Hey Don, its your bud Alex speaking. I don’t actually go by Alex any more; when I found out it was actually my middle name at the age of five, I decided that was stupid and asked to switch to Jeff full time. It was probably for the best, really. Alexler doesn’t roll off the tongue as well. In any event, I’m still a good Canadian boy from Tronna who watches Hockey Night In Canada every Saturday, so thumbs up to that, am I right?
But I have a bone to pick with you.
This morning you
r social media assistant working on your behalf said the following on Twitter:
I am really amused when I see media types criticize me for saying Eric Knodel, US College guy, dropping in to take the spot of a Marlie. It’s ridiculous. I know Eric was a 2009 5th round draft choice. In fact, I remember reading about him when he played for the Philadelphia Jr Flyers. Thought he is big and must be tough. But that wasn’t the point I was making. Make no mistake about it, Eric is dropping in at the expense of a kid who has been playing regularly all year. Imagine going to tell a kid he’s not playing. Why? He asks. Cause we’ve got a kid coming from college. We wanna have a look-see. Imagine how he feels. But the dumb dumb media who never played the game (or) coached the game wouldn’t understand. Really, how could they?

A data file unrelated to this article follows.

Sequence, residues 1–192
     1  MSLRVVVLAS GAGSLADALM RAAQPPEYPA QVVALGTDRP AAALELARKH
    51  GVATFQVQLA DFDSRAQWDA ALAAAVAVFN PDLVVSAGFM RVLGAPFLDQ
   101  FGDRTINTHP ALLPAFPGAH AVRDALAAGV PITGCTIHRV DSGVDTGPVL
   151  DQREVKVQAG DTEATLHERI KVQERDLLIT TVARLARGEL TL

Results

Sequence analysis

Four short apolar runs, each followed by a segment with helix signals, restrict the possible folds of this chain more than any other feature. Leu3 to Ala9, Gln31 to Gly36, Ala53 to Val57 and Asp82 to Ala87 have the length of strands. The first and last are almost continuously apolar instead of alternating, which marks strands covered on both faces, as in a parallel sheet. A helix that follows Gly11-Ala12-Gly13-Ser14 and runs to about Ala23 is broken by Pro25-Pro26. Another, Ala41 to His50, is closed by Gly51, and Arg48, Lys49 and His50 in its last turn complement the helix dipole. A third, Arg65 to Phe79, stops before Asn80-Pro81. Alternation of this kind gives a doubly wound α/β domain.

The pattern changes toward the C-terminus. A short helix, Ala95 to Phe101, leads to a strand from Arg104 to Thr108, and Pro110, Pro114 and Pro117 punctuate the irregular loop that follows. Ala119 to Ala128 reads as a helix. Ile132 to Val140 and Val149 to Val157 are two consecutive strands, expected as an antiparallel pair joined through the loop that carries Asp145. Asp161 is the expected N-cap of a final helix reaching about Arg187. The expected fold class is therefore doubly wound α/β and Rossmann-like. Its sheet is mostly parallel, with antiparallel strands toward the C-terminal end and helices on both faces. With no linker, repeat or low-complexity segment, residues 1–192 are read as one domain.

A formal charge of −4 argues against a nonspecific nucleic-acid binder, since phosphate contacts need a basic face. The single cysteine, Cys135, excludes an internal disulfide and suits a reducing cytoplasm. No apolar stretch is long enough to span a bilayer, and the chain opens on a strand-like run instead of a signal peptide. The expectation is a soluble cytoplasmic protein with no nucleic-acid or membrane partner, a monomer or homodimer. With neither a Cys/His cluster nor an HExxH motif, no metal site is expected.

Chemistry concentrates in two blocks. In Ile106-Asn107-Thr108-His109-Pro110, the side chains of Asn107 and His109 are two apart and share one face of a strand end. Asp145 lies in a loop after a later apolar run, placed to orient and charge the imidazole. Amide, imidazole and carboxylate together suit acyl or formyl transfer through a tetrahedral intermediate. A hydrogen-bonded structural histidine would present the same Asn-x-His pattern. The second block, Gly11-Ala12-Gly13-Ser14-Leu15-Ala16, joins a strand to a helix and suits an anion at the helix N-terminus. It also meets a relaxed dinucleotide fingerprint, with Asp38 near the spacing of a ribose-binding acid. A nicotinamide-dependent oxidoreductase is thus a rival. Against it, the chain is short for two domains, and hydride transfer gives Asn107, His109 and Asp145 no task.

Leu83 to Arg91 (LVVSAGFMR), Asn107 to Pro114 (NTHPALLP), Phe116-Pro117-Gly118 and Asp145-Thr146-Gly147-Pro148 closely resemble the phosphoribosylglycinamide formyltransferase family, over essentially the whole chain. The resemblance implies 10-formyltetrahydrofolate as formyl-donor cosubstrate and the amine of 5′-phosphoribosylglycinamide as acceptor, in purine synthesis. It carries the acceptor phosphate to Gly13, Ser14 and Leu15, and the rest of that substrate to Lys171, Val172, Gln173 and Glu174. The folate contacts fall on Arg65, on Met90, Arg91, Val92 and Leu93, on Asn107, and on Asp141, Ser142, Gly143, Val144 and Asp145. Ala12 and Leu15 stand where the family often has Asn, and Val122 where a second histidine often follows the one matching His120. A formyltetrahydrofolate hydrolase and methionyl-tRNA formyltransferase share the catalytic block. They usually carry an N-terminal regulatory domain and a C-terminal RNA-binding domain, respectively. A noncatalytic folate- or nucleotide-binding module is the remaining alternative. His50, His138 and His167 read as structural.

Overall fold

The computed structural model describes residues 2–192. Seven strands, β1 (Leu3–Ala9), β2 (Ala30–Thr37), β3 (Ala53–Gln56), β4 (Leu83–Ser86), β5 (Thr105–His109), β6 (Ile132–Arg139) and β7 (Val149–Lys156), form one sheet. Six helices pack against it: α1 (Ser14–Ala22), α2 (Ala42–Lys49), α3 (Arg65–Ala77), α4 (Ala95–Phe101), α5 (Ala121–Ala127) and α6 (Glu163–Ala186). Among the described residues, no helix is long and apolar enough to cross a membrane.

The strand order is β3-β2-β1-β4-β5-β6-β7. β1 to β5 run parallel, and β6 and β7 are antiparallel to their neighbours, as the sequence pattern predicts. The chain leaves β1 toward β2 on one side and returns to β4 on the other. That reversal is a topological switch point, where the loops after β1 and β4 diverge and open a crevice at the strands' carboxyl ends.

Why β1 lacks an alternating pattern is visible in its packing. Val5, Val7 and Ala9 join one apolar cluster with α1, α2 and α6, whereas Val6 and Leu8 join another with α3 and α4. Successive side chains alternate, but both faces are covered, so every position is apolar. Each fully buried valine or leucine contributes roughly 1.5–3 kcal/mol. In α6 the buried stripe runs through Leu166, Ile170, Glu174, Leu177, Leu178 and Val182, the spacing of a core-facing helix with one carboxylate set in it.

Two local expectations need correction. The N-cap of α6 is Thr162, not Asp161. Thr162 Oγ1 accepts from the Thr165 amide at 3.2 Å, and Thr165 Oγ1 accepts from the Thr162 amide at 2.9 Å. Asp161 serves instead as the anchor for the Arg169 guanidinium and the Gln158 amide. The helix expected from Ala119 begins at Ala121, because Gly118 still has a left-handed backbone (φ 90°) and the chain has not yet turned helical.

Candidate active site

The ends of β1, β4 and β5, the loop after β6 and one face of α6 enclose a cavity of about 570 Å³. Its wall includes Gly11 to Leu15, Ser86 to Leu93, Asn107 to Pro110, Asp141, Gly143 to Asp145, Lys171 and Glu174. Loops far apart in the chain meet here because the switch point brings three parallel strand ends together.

It’s not rocket science, Don.
A team should always be trying to find a balance between self improvement and player development in the American Hockey League. It’s easy to say “give the kids all the games”, but you also want your team to play as many games as possible down the stretch.
Look at Drew Macintyre; he seems pretty self aware that his chances at making it onto the Leafs roster are slim. The organization also has two solid young goaltenders that are years away from being able to rent a car in Christopher Gibson and Garret Sparks. Is it a negative to have Drew in the way of them? Absolutely not; he wins them games, establishes their spot in the playoffs, and therefore gives the skaters more experience and developing time. Not to mention, it creates a competition to stay in the league as his backup.
Competition is a great thing to have at this level. You aren’t entitled to a spot; you should be earning it. The Marlies defencemen (Brennan, Marshall, Percy, Granberg, MacWilliam, and Holzer) have been great this year (second in GAA and don’t give up many shots), but there’s nothing behind them. Zachary Yuen is in the ECHL because he’s too far off to be competition to them. Dylan Yeo is injured, and when he’s healthy, he seems to be spending as much time on right wing as he does on defence. The only players that may have a shot at coming up behind them and stealing a spot are Knodel and Matt Finn.
On that note, are you going to have the same issue with the OHL prospects that come up? What happens when Finn takes a defenceman out of the lineup? Is it okay, because he’s a Canadian playing in junior? When Connor Brown’s playoffs are done and he joins the team, is it okay if he replaces Brandon Kozun on occasion? There shouldn’t be an issue just because Kndoel is an NCAA prospect. In fact, that should streamline the process; he becomes a guarantee to be playing in the pros next year. It’s not a “look-see”; it’s a “starting effective now”. Andrew MacWilliam did the same thing last season.